FBI searches Jeffrey Epstein's home in Virgin Islands

Federal agents searched late financier and accused sex trafficker Jeffrey Epstein’s private island, Little St. James, on Monday, according to CNBC, citing a bureau spokesperson.

Epstein’s accusers have claimed the financier and his confederates used the island in the U.S. Virgin Islands as a discreet location to sexually assault underage girls. Residents of the nearby island of St. Thomas had reportedly noticed heavy construction and high security in recent months.

The search comes as Attorney General William BarrWilliam Pelham BarrParnas: Environment around Trump 'like a cult' Parnas says he's speaking out because of betrayal from associates: 'I felt like my family left me' Overnight Defense: GAO finds administration broke law by withholding Ukraine aid | Senate opens Trump trial | Pentagon to resume training Saudi students soon MORE has pledged a full investigation into Epstein’s death in federal custody this weekend at New York’s Metropolitan Correctional Center (MCC).

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“I was appalled — indeed, the entire Department was — and frankly angry, to learn of the MCC’s failure to adequately secure this prisoner. We are now learning of serious irregularities at this facility that are deeply concerning and that demand a thorough investigation. The FBI and the Office of Inspector General are already doing just that,” Barr told a Fraternal Order of Police conference Monday.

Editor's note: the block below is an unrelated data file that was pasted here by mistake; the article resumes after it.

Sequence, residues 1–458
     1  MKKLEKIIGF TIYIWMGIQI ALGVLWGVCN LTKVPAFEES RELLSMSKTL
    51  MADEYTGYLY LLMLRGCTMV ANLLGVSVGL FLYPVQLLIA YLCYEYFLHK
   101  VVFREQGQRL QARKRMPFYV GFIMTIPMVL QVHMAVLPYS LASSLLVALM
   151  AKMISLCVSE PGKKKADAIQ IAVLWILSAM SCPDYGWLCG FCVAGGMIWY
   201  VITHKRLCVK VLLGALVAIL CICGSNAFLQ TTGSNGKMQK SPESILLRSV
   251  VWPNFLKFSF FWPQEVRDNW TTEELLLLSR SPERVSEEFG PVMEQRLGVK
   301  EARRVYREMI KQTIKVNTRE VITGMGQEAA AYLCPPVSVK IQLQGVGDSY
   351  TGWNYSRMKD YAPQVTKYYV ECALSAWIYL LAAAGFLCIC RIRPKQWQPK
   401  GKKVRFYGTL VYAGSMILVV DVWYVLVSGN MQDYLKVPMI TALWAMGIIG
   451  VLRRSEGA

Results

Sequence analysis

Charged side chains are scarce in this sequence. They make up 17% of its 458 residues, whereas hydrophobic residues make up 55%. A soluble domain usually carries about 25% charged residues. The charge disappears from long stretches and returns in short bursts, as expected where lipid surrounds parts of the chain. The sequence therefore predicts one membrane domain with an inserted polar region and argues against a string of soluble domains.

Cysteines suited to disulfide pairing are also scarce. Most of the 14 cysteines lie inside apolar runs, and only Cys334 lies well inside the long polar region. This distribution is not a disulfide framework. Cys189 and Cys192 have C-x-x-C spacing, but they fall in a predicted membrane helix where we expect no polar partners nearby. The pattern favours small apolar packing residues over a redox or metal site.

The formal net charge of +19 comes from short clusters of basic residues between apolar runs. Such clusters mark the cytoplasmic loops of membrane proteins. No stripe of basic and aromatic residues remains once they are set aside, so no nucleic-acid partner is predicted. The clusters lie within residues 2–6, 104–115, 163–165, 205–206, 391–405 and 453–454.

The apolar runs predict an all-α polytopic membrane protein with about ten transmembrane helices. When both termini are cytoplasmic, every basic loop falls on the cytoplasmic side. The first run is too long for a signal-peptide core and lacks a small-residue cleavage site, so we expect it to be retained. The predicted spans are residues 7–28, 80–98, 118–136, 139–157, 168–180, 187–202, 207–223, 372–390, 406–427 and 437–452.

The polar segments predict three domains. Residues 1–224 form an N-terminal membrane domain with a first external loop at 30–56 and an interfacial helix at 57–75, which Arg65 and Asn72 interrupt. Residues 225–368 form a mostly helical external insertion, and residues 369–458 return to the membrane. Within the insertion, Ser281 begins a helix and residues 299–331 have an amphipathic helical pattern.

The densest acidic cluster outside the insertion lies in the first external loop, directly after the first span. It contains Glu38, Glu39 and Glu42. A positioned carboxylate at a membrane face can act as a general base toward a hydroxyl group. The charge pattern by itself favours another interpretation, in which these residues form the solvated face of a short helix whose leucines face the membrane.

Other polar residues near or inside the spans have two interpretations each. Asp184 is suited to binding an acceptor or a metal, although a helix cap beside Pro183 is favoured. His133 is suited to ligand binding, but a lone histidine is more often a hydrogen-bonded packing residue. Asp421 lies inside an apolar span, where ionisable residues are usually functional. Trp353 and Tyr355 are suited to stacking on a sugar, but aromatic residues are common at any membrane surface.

“We will get to the bottom of what happened at the MCC and we will hold people accountable for this failure,” he added. “Let me assure you that this case will continue on against anyone who was complicit with Epstein. Any co-conspirators should not rest easy. The victims deserve justice, and we will ensure they get it.”

The Hill has reached out to the Justice Department for further comment.

Epstein took a plea deal to a state charge of soliciting prostitution from an underage girl in 2008, serving just over a year under a controversial agreement with then-U.S. Attorney Alexander AcostaAlex Alexander AcostaFlorida sheriff ends work release program criticized over Jeffery Epstein The Hill's Morning Report — Presented by National Association of Manufacturers — Whistleblower complaint roils Washington On The Money: Senate confirms Scalia as Labor chief | Bill with B in wall funding advanced over Democrats' objections | Lawyers reach deal to delay enforcement of NY tax return subpoena MORE, who in July resigned from his position as secretary of Labor amid controversy over the deal. Epstein was arrested on federal sex trafficking charges last month.